>> JULIA MYERS: No.

   >> CHUCK HITCHCOCK: Thank you very much.
   Jay Diskey, head of the Education Commission of American Association of Publishers.

   >> JAY DISKEY: Thank you. I think that you will pick up your five minutes here. I tend to be very brief.
   I want to say first of all AAP is very pleased to be at this table representing school publishers. We look
forward to a very successful implementation year in 2008. Obviously as Julia mentioned, and as we all know,
2007 got clouded with—what did you refer to it as, Julia?

   >> JULIA MYERS: The great indemnification.

   >> JAY DISKEY: The great indemnification issue of 2007.
   AAP performs great functions of publishers to help to fulfill their obligation to implement the law. We
have a series of teleconferences, and on the policy and legal fronts we remain active as well. We do, indeed,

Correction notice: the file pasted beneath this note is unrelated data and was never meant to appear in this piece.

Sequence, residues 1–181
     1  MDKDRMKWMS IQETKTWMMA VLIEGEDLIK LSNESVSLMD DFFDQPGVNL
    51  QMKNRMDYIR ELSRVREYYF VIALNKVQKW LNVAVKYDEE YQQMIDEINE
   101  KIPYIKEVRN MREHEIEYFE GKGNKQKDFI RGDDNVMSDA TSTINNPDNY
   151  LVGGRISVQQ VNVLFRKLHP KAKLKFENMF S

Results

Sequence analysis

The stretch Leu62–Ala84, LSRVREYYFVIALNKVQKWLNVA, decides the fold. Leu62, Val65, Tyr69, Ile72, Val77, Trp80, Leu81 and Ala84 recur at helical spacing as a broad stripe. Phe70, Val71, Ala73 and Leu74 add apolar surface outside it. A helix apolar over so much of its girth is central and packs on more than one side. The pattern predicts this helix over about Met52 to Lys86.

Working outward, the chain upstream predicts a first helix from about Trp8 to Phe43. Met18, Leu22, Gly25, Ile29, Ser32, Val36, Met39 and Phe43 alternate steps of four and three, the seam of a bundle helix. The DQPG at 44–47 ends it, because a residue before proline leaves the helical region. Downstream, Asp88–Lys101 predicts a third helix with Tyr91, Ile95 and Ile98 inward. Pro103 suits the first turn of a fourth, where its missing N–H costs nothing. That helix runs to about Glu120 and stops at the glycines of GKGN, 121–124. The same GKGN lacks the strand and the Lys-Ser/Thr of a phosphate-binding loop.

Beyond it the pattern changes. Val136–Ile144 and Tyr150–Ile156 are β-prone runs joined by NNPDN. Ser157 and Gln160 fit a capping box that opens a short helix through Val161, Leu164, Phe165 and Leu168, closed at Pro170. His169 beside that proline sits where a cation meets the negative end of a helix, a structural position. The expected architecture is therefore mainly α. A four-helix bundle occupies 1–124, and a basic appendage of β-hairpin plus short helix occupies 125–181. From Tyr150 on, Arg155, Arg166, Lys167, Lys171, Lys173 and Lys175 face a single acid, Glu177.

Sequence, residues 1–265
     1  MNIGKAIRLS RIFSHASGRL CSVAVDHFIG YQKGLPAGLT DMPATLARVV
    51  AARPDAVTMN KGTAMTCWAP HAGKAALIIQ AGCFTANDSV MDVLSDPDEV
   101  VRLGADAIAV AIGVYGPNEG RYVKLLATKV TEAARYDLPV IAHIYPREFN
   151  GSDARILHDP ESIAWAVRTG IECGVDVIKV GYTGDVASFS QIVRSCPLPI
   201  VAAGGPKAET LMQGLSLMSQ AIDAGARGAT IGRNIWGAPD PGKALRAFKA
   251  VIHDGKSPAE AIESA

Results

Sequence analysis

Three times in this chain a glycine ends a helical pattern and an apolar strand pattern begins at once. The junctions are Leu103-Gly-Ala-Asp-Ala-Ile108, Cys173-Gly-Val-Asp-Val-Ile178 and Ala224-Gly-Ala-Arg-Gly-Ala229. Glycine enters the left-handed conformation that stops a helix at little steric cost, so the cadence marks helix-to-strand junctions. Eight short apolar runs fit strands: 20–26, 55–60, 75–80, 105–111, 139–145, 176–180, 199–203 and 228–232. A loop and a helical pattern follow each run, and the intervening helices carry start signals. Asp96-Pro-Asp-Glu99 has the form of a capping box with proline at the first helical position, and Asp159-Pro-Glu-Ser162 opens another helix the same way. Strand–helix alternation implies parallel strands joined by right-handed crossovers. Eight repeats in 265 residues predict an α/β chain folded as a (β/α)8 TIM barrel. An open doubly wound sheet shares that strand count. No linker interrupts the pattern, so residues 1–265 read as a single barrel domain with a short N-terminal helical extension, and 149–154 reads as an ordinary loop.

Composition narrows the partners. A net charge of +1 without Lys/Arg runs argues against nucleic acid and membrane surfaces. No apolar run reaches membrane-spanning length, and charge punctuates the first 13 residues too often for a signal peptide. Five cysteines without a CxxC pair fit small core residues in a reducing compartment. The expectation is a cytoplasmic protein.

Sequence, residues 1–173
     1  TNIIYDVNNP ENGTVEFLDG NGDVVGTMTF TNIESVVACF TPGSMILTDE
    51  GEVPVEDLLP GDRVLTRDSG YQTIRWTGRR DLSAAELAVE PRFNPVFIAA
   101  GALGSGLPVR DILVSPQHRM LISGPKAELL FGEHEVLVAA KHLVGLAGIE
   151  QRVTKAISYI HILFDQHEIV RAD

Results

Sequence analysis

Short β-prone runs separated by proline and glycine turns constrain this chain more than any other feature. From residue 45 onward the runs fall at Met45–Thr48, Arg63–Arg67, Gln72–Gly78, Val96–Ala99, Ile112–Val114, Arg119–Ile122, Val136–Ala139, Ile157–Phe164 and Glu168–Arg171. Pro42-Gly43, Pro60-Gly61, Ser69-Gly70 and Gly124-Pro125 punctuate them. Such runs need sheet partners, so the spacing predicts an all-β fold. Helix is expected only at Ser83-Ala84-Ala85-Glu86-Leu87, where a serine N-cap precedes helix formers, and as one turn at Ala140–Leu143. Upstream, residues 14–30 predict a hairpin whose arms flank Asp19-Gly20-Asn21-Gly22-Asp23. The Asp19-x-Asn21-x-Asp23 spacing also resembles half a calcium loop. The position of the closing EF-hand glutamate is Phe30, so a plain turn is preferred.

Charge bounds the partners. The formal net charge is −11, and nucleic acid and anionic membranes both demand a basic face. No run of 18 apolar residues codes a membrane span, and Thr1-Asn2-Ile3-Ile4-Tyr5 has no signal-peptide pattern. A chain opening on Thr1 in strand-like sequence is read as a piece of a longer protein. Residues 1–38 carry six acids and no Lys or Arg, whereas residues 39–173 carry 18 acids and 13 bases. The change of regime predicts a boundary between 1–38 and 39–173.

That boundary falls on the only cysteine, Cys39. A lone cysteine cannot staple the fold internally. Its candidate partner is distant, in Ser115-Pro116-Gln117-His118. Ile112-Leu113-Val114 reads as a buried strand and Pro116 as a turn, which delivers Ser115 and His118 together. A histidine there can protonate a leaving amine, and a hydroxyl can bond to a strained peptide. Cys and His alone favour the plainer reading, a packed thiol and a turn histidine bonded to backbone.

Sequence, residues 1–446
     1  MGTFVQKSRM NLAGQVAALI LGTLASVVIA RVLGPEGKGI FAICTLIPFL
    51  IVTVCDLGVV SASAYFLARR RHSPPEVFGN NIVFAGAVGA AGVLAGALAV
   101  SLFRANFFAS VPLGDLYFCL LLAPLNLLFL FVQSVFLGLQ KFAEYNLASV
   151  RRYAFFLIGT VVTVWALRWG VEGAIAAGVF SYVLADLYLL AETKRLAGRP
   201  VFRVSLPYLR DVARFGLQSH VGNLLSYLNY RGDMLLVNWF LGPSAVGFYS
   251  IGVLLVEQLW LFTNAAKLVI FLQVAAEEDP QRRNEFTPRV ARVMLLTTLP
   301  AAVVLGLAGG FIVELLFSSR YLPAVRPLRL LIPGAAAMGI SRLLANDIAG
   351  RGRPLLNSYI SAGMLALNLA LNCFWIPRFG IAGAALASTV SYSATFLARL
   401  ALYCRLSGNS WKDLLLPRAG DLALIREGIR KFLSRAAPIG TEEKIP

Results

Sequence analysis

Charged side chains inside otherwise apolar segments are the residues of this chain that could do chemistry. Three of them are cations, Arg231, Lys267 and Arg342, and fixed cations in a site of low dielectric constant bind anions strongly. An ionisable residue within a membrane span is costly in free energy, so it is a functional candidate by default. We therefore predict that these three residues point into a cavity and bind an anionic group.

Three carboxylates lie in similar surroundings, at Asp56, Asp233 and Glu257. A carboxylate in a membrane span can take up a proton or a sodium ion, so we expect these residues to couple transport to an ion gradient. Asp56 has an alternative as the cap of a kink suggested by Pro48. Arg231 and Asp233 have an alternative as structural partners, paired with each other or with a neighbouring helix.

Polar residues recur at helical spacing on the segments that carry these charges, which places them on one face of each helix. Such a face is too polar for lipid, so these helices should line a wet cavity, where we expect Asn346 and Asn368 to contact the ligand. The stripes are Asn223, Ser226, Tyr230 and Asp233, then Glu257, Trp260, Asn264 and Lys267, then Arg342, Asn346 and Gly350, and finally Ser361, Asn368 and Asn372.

remain concerned about previous implementation issues and what I would call fidelity to the law. Those
around the table will not be surprised to hear me say that we are no more interested in today and extra legal
expansion of the statute than we were a year ago or two years ago. That's exactly where we are.
   And we remain concerned about a variety of the implementation issues in the states. We continue to see
some things that are inconsistent with the federal statute and in the spirit of collaboration we will try our best
to work through those things.
   As Bonnie noted, it takes 5–7 years for a system change. Bonnie, 5–7 years, that will take us right to the
next reauthorization and we'll start all over again. Let's hope we don't start all over again.
                                             2/5/2008                                                       22
   And the last thing that I want to say, I am glad someone stole my thunder. I cannot thank Julia and Nicole